Peter Tosh, he of Jamaican extraction, and one of the founding Wailers, urged Africans to FIGHT ON. His African ancestry constrained him. He could not deny his heritage and his kinship. The Cuban fighters who entered the liberation fight in Angola in 1975 in support of the Peoples’ Movement for the Liberation of Angola (MPLA), were similarly constrained. Consider the Castro regime’s reasoning that since so many Africans were taken to Cuba as enslaved people, that this intervention was Cuba’s way of playing its part in the further dismantling of the world-wide colonialist, ‘slaver’ regime. Again, we see the oneness of Black people in Africa and around the world. No wonder that so many calypso and reggae artists sang songs of struggle and freedom and empowerment of Black people, in Africa and abroad, in the 70’s and 80’s. See Bob Marley’s BLACK MAN REDEMPTION and BUFFALO SOLDIER.
Of course, no discussion of the notion that “all arwe is one,” and that “African liberation is our liberation,” would be complete without a nod to Marcus Garvey and his Universal Negro Improvement Association (UNIA), which sought “The unification and empowerment of African descended people under the banner of their collective African descent, and the repatriation of African slave descendants and profits to Africa . . .”. Garveyism still informs political thought and political struggle among right-thinking people of colour everywhere.
One noted Garveyite is a regular caller to our VOICE OF THE PEOPLE (VOP) broadcast, Brother Nabu by name. He, of St. Kitts extraction, is a strident Pan Africanist, and is quite vocal in his stirring denunciations of capital and neo-colonialism. He is all for Black empowerment and unification, and is radical and uncompromising in his thoughts on how that can be achieved. He usually ends his calls to VOP with the admonition, “Pan Africanism or perish” – a timely reminder. He is from the old Black Power school of the late sixties and seventies, and we posit that much can be learned from him.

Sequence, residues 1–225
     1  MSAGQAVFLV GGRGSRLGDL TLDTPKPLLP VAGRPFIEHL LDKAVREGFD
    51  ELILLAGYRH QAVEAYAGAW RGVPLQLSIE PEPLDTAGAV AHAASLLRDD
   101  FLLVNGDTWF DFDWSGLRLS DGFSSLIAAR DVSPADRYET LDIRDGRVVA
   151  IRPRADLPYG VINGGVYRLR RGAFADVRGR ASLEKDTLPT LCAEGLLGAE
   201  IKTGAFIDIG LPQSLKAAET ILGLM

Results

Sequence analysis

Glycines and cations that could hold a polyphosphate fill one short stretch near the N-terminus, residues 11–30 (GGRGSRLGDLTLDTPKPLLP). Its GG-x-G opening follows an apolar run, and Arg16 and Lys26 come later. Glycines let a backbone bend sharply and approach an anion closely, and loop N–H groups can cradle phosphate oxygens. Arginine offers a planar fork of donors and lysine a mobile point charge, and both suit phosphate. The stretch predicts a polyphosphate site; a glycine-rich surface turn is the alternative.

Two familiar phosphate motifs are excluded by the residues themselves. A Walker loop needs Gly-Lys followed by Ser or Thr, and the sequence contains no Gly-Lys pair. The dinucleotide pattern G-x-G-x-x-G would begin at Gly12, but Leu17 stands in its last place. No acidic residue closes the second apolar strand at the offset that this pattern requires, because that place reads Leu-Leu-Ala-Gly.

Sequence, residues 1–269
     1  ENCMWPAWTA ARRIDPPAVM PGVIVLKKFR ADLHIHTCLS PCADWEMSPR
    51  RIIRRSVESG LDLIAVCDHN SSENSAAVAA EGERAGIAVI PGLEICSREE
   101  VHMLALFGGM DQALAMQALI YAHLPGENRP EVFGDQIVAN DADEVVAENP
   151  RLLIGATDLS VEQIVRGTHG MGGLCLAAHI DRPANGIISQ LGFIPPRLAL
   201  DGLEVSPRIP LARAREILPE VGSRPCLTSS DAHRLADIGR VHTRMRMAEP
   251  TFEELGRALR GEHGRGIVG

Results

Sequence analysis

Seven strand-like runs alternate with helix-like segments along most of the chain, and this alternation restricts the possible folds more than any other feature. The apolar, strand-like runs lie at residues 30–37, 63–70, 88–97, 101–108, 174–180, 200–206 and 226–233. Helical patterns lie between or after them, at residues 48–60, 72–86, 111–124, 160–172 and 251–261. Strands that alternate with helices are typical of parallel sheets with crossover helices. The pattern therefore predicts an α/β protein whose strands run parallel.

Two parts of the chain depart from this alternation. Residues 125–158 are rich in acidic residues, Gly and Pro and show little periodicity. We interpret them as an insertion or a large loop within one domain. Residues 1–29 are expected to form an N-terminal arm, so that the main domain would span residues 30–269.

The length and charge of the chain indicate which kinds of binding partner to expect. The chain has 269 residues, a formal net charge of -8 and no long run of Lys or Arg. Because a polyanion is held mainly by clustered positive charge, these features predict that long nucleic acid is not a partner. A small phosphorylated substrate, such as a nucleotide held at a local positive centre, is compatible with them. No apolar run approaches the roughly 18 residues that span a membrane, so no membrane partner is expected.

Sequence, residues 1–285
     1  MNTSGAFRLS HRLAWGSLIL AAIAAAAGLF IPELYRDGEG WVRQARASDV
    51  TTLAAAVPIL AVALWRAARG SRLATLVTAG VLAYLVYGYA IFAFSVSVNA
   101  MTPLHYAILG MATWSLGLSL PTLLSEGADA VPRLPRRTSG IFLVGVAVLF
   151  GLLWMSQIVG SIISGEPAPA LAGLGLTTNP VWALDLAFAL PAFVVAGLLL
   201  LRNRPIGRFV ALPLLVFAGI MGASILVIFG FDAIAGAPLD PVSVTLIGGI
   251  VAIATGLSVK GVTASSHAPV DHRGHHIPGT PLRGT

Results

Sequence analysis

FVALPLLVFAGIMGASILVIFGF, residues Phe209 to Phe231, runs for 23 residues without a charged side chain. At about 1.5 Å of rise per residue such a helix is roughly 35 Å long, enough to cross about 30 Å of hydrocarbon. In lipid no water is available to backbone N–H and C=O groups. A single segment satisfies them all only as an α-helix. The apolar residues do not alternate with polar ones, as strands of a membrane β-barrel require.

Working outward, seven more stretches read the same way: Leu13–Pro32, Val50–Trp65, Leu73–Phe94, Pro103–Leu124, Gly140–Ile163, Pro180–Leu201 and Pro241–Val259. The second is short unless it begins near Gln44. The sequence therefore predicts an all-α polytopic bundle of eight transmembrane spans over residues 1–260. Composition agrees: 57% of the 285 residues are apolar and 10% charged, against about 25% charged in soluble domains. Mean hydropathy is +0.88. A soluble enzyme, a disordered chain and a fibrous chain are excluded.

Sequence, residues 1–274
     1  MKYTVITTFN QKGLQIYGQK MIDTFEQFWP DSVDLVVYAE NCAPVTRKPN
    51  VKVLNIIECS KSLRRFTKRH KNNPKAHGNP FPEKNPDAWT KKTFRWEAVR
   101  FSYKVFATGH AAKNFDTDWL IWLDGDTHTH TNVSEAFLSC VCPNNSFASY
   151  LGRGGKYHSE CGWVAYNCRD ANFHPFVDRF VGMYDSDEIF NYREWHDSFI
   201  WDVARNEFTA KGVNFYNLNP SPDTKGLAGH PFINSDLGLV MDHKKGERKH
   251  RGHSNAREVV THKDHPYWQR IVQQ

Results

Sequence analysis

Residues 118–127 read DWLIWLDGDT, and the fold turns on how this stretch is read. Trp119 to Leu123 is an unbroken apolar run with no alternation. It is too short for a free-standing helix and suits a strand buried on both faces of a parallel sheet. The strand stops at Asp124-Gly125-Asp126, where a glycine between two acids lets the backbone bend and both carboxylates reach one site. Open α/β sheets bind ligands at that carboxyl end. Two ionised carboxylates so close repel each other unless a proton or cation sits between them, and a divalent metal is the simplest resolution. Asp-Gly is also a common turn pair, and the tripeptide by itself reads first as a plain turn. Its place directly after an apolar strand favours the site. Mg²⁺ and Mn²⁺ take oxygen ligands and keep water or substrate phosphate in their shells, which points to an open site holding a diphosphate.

On this African Liberation Day 2021, let us be guided and inspired by Marley’s BABYLON SYSTEM: “We refuse to be what you want us to be / We are what we are / And that’s the way it’s going to be /. . .Talkin bout my freedom; people’s freedom and liberty / We’ve been troddin’ on the winepress much too long . . . / Rebel! Rebel! / Babylon system is the vampire suckin the blood of children day by day / Suckin the blood of the sufferers . . .” Hmmmm! See also, Calypso Rose’s I AM AFRICAN, Chalkdust’s THEME FOR AFRICAN LIBERATION DAY and Black Stalin’s CARIBBEAN MAN. As the Reverend Martin Luther King Jr. so nicely puts it, “Injustice anywhere is a threat to justice everywhere. We are caught in an inescapable network of mutuality, tied in a single garment of destiny. Whatever affects one directly, affects all indirectly.” African liberation is our liberation, because ‘all arwe is one.’
Here’s to a happy and meaningful African Liberation Day.